Free agency opens in the NBA Sunday afternoon and the Portland Trail Blazers, already into the luxury tax and with just the $5.7 million taxpayer mid-level to spend, are taking a knife into a gunfight.
There are hundreds of millions of dollars in cap space and exceptions out there, including 17 max-contract slots and really only about 10 top-tier free agents to fill them. Just like the summer of 2016, there are likely to be a lot of players overpaid this time around.
That doesn’t bode well for the Trail Blazers.
But keep in mind, just a couple of weeks ago, Portland had the 25th pick in the draft and Evan Turner. Since then, the Blazers have drafted Nassir Little, a consensus lottery pick, and traded Turner for Kent Bazemore, a defender with three-point shooting skill. So the summer is already off to a successful start.
It makes sense that while the Lakers, Clippers, Warriors, Knicks, Celtics and Raptors are fighting over the big names Sunday, the Trail Blazers will be going about their business trying to tie up one of their own free agents for that $5.7 million slot. Enes Kanter and Rodney Hood are much more likely to sign with the Blazers than most other free agents because they had a taste of Portland last season. They were comfortable with the system, their teammates, the culture of the franchise and the winning that they experienced last year.
Of those two, the most likely Portland target would be Kanter, who was originally acquired to be a backup center to Jusuf Nurkic, but became a solid starting center through the team’s run to the Western Conference finals. Kanter spoke highly of his time with the Blazers and he is shaping up as the team’s No. 1 target in free agency, to continue to fill Nurkic's spot. Hood would have been a top target until Bazemore was obtained, but there is a duplication of skills there with Bazemore.
That would leave the team’s expiring contracts free to be used later in a deal for a more high-profile player.
The Blazers will also need a minimum salary player to fill out the roster and Neil Olshey usually has that player identified early. Last year, you remember, he signed Nik Stauskas July 5 and added Seth Curry July 6.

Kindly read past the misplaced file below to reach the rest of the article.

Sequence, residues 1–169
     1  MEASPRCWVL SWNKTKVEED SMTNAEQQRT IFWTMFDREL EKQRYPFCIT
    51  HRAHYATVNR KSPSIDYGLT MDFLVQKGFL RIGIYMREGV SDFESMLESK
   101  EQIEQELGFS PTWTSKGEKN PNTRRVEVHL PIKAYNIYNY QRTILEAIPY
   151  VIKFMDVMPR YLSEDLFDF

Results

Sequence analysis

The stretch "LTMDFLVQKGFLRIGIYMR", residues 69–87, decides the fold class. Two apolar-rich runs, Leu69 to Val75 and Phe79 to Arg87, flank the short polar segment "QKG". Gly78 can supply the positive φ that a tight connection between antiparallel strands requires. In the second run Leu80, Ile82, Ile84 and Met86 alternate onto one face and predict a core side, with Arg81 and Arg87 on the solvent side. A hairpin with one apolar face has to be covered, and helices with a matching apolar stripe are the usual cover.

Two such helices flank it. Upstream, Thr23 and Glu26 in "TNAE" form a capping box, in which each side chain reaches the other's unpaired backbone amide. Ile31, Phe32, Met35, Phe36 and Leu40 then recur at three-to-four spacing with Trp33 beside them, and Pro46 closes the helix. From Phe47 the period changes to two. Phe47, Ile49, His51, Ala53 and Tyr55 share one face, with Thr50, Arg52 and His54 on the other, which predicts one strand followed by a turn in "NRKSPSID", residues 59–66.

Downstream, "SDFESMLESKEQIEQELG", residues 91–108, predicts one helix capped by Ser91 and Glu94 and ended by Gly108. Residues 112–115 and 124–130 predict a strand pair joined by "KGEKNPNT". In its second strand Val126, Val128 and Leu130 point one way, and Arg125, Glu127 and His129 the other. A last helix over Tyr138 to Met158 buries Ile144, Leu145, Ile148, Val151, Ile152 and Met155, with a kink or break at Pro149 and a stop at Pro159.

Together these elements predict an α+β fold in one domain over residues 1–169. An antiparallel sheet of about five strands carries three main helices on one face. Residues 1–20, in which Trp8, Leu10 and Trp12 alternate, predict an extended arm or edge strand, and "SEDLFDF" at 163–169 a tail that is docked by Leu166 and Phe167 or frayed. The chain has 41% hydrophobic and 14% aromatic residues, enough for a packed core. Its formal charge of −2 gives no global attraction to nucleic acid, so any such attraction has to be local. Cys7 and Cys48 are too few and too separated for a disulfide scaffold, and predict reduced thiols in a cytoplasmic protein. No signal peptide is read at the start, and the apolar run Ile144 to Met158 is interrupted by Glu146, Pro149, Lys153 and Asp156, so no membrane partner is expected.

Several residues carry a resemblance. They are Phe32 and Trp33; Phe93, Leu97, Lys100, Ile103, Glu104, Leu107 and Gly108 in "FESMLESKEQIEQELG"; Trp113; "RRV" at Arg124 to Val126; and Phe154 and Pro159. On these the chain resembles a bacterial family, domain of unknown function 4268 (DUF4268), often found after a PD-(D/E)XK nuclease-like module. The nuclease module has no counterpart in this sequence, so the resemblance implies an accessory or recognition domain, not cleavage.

Here’s a look at free-agent scenarios for the Trail Blazers:
BEST CASE: Enes Kanter doesn’t get some extravagant offer out of the gate from another team. If it’s close, I think there’s a good chance he’d choose Portland. But asking him to turn down big money over multiple seasons would not be fair. Best case – the popular center from Turkey will be back. With the team already in the luxury tax, I would expect Al-Farouq Aminu to be gone, with his market value somewhere around $10 million a year. Second-year guard Anfernee Simons is scheduled to move up into Seth Curry’s spot in the rotation and with Curry’s price going up, he will not be back, either. That leaves restricted free agent Jake Layman and the best-case scenario is that he doesn’t get an offer above $3-$4 million a year, and the team would probably match and bring him back.
WORST CASE: Kanter gets an offer of $40 million over four years from somebody and accepts it, leaving Portland to search for another center to hold down the fort for Nurkic. Then Aminu doesn’t find an offer at his asking price and the team re-signs him – which would probably end up with him starting again this season, effectively blocking Zach Collins from a starting role. I don’t expect that to happen, but it is the worst-case scenario long-term, for this team. Then Portland ends up having to fight teams with a lot more money for a free agent to fill that taxpayer mid-level slot. The end result of that would probably be having to pay a $3 million player $5.7 million to sign here.